The co-founder of Flickr dishes on her new start-up, Pinwheel, including its origin story (with a little help from her ex-husband).
Flickr co-founder Caterina Fake's newest start-up, Pinwheel, is an online platform on which users can tag a map of the world with personal stories, messages, and photos. I caught up with Fake for the May 2012 issue of Inc. Here's the rest of my interview with the serial entrepreneur:
How did you come up with the idea for Pinwheel? One misconception is that start-ups start with a Eureka moment when the entrepreneur is sitting in the bathtub. It doesn't happen that way. For me, at least. I guess the idea's been evolving since 1999. I didn't realize that until my ex-husband and co-founder on Flickr called me to congratulate me on the launch, and he actually reminded me of a conversation we had in '99 about how cool it would be to be able to leave notes in places like doorways and street corners and various places around the world. Naturally, that didn't go anywhere. Back then it wasn't really possible. No one had smartphones. Nobody used geo-location, except the military. In the intervening 13 years, everything has changed. People have now been using GPS, checking in on Foursquare, and the other location-based services out there. There's a good amount of familiarity with using systems like this, which I think is indispensible in terms of technology adoption.
It stands to reason these location-based services would be used mostly on mobile devices, but you guys launched Pinwheel on the Web, instead of as an app. Why is that? Content creation happens more easily on the Web. That's why we went out first with the website and don't have the native mobile app developed yet. Creating content is much easier online when you have a keyboard and a big screen. That being said, there is a mobile version you can use in a smartphone browser, and we have an Apple app in testing.
What content on Pinwheel is blowing your mind so far? Someone at LinkedIn did this wonderful set of notes of all the locations of all LinkedIn's offices. I think they've had six or seven offices, the first one being Reid Hoffman's apartment. Subsequently there was a little office with five people here, then a bigger office with 20 people, there. So it's really wonderful uses that we hadn’t come up with or thought of ourselves, but our people come up with them. That’s what I love about it. There are infinite ways people could use it.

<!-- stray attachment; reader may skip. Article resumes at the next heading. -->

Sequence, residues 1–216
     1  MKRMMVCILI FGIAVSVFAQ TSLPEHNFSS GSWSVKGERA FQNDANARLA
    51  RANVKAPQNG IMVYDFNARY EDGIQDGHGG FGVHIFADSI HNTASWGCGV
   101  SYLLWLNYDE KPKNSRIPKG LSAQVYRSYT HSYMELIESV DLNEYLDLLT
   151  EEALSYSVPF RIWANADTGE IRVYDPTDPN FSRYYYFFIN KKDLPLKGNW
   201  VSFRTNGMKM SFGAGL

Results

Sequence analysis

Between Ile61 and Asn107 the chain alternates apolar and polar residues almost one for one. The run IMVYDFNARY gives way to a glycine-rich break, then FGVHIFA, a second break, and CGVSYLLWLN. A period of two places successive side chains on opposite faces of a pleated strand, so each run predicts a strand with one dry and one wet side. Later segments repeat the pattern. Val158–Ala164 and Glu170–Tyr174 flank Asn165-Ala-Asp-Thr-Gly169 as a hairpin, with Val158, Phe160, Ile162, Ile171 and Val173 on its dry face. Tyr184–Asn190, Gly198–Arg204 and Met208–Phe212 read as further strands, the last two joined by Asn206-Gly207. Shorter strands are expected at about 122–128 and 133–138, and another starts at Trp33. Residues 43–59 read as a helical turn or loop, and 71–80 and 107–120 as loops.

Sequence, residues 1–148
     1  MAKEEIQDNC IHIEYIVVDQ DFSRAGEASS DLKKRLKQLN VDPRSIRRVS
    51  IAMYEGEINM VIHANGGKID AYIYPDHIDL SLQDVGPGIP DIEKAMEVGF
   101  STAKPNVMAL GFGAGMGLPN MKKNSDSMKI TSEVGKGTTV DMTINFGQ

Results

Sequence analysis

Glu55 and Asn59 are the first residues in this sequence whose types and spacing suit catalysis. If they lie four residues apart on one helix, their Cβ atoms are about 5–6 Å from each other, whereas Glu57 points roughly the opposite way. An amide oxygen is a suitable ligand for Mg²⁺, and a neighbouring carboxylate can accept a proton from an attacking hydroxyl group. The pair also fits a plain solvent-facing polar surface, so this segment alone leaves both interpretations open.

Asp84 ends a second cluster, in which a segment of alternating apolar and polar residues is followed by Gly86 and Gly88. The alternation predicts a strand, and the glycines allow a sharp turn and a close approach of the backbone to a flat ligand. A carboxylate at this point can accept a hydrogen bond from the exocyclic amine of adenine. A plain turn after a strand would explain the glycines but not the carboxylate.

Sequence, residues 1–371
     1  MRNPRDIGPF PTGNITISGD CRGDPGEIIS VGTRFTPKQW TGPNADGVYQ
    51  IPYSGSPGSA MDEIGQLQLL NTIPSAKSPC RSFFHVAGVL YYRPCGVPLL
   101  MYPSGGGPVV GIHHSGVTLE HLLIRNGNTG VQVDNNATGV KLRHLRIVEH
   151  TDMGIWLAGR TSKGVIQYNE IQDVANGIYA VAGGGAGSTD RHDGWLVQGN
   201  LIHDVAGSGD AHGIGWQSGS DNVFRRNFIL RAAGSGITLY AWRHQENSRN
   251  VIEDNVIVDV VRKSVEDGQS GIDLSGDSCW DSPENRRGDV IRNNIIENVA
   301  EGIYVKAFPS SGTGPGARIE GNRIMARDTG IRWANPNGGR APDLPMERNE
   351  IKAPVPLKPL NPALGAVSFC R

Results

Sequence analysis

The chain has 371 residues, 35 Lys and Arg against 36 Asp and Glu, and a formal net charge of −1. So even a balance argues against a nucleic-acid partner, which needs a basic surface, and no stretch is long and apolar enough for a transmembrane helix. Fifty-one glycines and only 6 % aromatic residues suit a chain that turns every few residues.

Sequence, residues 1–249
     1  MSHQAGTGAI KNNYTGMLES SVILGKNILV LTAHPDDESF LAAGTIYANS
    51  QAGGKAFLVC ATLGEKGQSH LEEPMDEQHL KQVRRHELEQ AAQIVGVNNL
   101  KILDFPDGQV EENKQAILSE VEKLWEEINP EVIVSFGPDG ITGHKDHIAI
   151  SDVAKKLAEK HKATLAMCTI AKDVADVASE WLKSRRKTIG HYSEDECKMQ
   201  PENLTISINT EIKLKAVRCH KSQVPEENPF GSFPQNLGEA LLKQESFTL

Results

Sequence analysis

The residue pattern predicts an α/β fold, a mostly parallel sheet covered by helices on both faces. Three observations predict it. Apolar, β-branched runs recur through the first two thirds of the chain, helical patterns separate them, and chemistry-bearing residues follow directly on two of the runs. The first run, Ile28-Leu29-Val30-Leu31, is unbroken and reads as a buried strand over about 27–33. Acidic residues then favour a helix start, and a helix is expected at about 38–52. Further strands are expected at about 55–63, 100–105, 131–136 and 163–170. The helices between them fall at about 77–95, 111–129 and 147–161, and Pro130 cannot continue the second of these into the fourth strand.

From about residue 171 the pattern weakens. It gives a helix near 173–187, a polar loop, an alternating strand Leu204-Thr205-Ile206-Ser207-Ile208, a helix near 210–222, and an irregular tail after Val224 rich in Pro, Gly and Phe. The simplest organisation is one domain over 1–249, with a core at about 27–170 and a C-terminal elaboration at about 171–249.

Be honest: Is it easier starting a business the third time around? It has its advantages and disadvantages. It's much easier to raise money. If a start-up dies, the most frequent reason is it ran out of money, so being properly financed is really important. The disadvantage is expectations are high. Because of that, a lot of times entrepreneurs are afraid of taking risks as a second-time entrepreneur. People are afraid of losing what they've already gained, so they take fewer risks. That's not what you want to do when you're running a start-up; you want to embrace risk.
As an advisor and investor, you give plenty of of advice to other start-up entrepreneurs. What advice helped you with Pinwheel? I always say it's the founding team that determines the culture of the company and how the product evolves, so hiring's one of the most important things you can do. We were very selective in terms of the people we brought on board. Hiring was really a challenge. One other thing I think is really important is, entrepreneurs need to start building today. The barrier to entry in tech is low, so start designing, start coding it, launch it, build prototypes, build a working version of it. The Internet has amazing powers of distribution. You can test your ideas. You can see if it works, if it doesn't work, whether it's fun, and whether you're sufficiently motivated. People who go into entrepreneurship to get rich aren't going to be happy. It’s the building of things that makes you happy. You have to enjoy the process whether you succeed or fail.